Intel keeps number of Larrabee cores under wraps
Vendor will detail multicore chip's architecture next week, without giving a specific core count
IDG News Service - Intel Corp. plans to detail the architecture of its upcoming Larrabee multicore processor at the Siggraph 2008 conference in Los Angeles on Aug. 12, but the company will keep one important aspect of the chip under wraps: the number of cores it will have.
When released in 2009 or 2010, the first Larrabee chip will have numerous x86 processor cores and support OpenGL and DirectX, allowing the chip to run existing games and software requiring high-end graphics, Intel said. The chip is also expected to find a home in applications that require serious power, such as software used in the financial industry and academic research.
Larrabee is part of Intel's Terascale research program, which the company bills as the largest technology research investment it has ever made. That's a significant statement given that Intel spent $1.47 billion on research and development during the second quarter — more than the $1.35 billion that rival Advanced Micro Devices Inc. recorded in revenue for the same period.
Intel's goal with Larrabee is to delivering full graphics-processing capabilities with an x86-based chip, said Larry Seiler, chief architect in Intel's visual computing group. The chip will be Intel's first that is targeted at the gaming market and industries that require high-performance parallel processing and graphics power, such as oil and gas exploration.
While Intel didn't reveal how many cores the first Larrabee chip will have or discuss other product details, the company last week showed journalists a presentation that detailed how the chip's performance can scale going from eight to 48 cores. That number matches earlier comments by senior Intel executives that Larrabee will eventually include dozens of individual processor cores.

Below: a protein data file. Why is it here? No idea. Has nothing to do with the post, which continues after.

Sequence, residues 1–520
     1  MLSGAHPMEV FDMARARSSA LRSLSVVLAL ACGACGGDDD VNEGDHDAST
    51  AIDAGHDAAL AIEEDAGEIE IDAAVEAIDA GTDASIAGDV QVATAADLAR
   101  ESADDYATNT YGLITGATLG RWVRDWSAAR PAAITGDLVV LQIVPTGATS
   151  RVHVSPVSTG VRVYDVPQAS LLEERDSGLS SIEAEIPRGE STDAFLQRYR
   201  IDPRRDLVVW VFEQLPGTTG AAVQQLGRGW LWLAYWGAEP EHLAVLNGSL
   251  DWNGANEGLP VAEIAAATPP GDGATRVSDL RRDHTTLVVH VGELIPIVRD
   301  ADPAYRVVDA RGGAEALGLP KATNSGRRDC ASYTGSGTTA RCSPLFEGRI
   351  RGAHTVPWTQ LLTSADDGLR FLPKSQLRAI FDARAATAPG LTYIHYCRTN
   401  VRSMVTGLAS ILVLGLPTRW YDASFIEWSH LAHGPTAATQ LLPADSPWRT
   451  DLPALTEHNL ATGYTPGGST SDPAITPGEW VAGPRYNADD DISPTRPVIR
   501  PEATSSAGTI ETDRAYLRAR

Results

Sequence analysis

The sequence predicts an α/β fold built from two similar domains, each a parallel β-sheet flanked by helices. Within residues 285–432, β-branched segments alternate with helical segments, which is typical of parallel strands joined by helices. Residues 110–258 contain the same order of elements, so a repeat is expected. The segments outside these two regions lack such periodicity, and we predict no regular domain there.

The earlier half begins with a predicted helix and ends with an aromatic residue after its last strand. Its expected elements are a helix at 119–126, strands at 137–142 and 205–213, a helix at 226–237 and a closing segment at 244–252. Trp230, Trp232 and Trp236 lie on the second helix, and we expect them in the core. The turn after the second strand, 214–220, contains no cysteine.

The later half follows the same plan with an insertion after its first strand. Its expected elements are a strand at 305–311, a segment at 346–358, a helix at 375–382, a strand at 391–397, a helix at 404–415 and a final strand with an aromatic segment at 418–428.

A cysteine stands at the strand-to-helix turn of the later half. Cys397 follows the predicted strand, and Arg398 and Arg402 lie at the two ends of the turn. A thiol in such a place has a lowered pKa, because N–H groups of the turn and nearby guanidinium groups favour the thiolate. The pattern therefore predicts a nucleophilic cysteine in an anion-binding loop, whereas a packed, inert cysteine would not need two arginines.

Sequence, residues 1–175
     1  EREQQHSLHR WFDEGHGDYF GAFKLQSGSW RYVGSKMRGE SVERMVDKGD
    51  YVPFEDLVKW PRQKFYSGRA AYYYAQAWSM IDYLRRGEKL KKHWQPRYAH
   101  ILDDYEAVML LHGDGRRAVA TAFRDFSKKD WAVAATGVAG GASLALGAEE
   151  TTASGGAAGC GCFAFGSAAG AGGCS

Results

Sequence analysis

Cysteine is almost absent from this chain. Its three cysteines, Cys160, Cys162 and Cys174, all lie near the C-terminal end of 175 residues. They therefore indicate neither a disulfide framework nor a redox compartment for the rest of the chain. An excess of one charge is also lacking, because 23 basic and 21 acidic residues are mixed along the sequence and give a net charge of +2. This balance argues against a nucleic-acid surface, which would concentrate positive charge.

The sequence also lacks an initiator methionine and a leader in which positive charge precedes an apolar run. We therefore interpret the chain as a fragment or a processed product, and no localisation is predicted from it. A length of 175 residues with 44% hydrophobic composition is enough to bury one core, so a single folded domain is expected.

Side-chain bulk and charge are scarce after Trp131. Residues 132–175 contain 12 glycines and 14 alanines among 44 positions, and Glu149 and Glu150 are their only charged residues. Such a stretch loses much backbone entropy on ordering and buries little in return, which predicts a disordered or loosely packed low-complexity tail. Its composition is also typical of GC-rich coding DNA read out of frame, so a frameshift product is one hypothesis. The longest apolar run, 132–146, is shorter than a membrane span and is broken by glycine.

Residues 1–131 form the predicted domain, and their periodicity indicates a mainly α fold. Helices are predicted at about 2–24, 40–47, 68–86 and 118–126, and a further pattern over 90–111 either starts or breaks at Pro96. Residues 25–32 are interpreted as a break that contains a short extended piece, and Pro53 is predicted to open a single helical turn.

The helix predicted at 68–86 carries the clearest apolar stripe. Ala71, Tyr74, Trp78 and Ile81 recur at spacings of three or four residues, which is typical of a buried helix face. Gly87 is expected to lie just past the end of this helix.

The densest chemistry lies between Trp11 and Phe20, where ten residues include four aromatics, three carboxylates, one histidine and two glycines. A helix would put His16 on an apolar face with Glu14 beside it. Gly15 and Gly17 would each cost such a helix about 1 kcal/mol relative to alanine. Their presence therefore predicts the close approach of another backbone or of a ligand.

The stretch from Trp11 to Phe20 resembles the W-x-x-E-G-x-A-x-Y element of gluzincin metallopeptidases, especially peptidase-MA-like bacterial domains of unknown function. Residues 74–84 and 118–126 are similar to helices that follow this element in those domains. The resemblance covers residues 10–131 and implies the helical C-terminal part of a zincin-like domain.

The Larrabee cores are based on the same design used in Pentium processors, with enhancements such as 64-bit extensions, multithreading and pre-fetching, Intel said. The chip will also have dedicated co-processors to handle specific graphics functions, such as rendering of textures.
The array of processor cores contained in Larrabee combines the parallel processing capabilities of graphics processors with the x86 architecture, improving application and graphics performance, Seiler said.
For instance, he said that while graphics processors pile up steps such as rasterization and pixel shading to render graphics, Larrabee will bundle those functions together to do rendering in just three steps.
In addition, broad software support and technical expertise surrounding the x86 architecture translates to a large potential number of Larrabee programmers, said Tom Forsyth, a software engineer at Intel.
However, exporting Larrabee-specific programs to other platforms — like gaming consoles — could be a problem, Intel officials admitted. The chip maker is trying to offset that with plans to support more software environments. It is also working with Apple Inc., Microsoft Corp. and other companies to develop parallel programming tools.
The Larrabee chip will compete with graphics processors from vendors, including AMD and Nvidia Corp.
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